Tropical Storm Mangkhut will move south of a ridge over the Western North Pacific Ocean.  The ridge will steer Mangkhut in a general westerly direction during the next few days.  On its anticipated track Tropical Storm Mangkhut could reach the Marianas in about 36 hours.  It is likely to be a typhoon at that time.  Mangkhut could bring strong winds and locally heavy rain to Guam, Rota, Saipan and Tinian.

Typhoon Jebi Strengthens to Equivalent of Cat. 5 Hurricane

Powerful Typhoon Jebi strengthened into the equivalent of a Category 5 hurricane on the Saffir-Simpson Scale on Friday.  At 11:00 a.m. EDT on Friday the center of Typhoon Jebi was located at latitude 18.8°N and longitude 141.0°E which put it about 400 miles (645 km) south of Iwo To.  Jebi was moving toward the west-northwest at 14 m.p.h. (22 km/h).  The maximum sustained wind speed was 175 m.p.h. (280 km/h) and there were wind gusts to 210 m.p.h. (335 km/h).  The minimum surface pressure was 907 mb.

The circulation of Typhoon Jebi was very well organized and symmetrical.  There was a circular eye at the center of circulation.  The eye was surrounded by a ring of strong thunderstorms and the strongest winds were occurring in that ring of storms.  Numerous bands of showers and thunderstorms were revolving around the core of the circulation.  Storms near the core were generating strong upper level divergence which was pumping mass away from the typhoon in all directions.

Jebi is a large and powerful typhoon.  Winds to typhoon force extended out about 65 miles (105 km) from the center of circulation.  Winds to tropical storm force extended out about 195 miles (315 km) from the center.  The Hurricane Intensity Index (HII) for Typhoon Jebi was 40.4.  The Hurricane Size Index (HSI) was 21.6 and the Hurricane Wind intensity Size Index (HWISI) was 62.0.

Typhoon Jebi may have reached its maximum intensity.  Microwave satellite imagery suggested that an inner rainband may have wrapped around the existing eye and eyewall.  If that has occurred, then an eyewall replacement cycle may have begun.  An eyewall replacement cycle will cause a typhoon to weaken when the inner eyewall, where the strongest wind are, dissipates.

Typhoon Jebi will move around the western end of a subtropical ridge over the Western North Pacific Ocean.  Jebi will gradually turn toward the north as it moves around the end of the ridge.  On its anticipated track Typhoon Jebi should pass west of Iwo To.  Jebi could be approaching Japan in three days or so.

Typhoon Jebi Hits Northern Marianas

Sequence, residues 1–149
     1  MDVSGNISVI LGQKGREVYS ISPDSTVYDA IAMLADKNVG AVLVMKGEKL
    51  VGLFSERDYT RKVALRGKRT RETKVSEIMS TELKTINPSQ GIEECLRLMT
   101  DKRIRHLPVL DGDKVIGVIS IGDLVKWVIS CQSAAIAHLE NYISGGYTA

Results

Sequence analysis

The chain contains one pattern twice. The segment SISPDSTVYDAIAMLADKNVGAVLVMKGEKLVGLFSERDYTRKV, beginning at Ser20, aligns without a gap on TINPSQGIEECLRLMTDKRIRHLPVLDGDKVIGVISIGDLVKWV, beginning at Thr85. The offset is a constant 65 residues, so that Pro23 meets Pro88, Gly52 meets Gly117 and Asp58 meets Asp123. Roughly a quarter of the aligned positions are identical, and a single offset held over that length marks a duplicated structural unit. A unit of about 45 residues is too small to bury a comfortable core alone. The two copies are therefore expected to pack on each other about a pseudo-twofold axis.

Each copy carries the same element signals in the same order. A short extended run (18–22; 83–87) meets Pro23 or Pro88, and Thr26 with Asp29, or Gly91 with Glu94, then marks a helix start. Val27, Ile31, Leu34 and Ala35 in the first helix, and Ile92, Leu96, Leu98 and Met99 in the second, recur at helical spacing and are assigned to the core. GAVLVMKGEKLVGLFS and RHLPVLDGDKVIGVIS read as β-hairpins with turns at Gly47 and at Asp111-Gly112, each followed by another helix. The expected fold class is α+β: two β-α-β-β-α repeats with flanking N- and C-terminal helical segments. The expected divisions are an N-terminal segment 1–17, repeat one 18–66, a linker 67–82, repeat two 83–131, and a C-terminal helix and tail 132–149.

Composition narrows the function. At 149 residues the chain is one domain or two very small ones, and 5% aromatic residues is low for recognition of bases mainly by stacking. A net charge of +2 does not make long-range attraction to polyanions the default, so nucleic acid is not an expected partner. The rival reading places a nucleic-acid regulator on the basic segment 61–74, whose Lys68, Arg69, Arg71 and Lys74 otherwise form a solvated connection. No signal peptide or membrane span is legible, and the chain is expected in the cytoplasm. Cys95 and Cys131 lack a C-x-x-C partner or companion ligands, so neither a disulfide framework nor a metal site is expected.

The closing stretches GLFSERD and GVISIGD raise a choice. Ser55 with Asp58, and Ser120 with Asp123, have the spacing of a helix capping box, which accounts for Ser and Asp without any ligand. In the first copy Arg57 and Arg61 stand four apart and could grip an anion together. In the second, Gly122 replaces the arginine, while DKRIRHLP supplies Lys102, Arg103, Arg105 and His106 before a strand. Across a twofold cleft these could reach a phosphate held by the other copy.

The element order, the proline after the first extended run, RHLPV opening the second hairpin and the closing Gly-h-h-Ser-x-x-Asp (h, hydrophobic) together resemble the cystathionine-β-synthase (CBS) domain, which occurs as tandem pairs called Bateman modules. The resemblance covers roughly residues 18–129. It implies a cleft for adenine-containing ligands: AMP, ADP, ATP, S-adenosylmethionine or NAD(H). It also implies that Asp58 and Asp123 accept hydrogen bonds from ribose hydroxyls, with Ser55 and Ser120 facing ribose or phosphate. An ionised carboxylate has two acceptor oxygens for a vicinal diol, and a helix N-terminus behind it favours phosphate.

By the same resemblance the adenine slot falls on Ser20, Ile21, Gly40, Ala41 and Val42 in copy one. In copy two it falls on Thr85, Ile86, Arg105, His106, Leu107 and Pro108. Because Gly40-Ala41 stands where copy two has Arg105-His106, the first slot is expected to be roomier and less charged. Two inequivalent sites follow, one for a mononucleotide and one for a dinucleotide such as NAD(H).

Typhoon Jebi hit the Northern Mariana Islands on Thursday.  At 11:00 a.m. EDT on Thursday the center of Typhoon Jebi was located at latitude 17.8°N and longitude 146.2°E which put it about 35 miles (55 km) east-southeast of Pagan.  Jebi was moving toward the west at 14 m.p.h. (22 km/h).  The maximum sustained wind speed was 125 m.p.h. (205 km/h) and there were wind gusts to 155 m.p.h. (230 km/h).  The minimum surface pressure was 940 mb.  A Typhoon Warning was in effect for Agrihan, Pagan and Alamagan.

Typhoon Jebi was very well organized.  There was a small eye at the center of circulation.  The eye was surrounded by a ring of strong thunderstorms and the strongest winds were occurring in that ring of storms.  Bands of showers and thunderstorms were revolving around the core of Typhoon Jebi.  Storms near the core were generating strong upper level divergence which was pumping mass away from the typhoon.

Winds to typhoon force extended out about 50 miles (80 km) from the center of circulation.  Winds to tropical storm force extended out about 185 miles (295 km) from the center.  The Hurricane Intensity Index (HII) for Typhoon Jebi was 23.6.  The Hurricane Size Index (HSI) was 19.4 and the Hurricane Wind Intensity Size Index (HWISI) was 43.0.  Those indices indicate that Typhoon Jebi was capable of causing major damage.

Typhoon Jebi will be moving through an environment favorable for intensification during the next day or so.  Jebi will move over water where the Sea Surface Temperature is near 29°C.  It will move through a region where the upper level winds are weak and there is little vertical wind shear.  Typhoon Jebi is forecast to intensify during the next 24 hours.  If an outer rainband wraps around the existing eye and eyewall, then an eyewall replacement cycle could cause the typhoon to weaken at least temporarily.

Typhoon Jebi will move around the western end of a subtropical ridge over the Western North Pacific Ocean.  Jebi will make a gradual turn toward the north during the next few days while it moves around the end of the ridge.  On its anticipated track Typhoon Jebi will move slowly away from the Northern Marianas.  Weather conditions should slowly improve when Jebi moves away.  The center of Jebi is forecast to pass south of Iwo To.  Typhoon Jebi could approach Honshu in four or five days.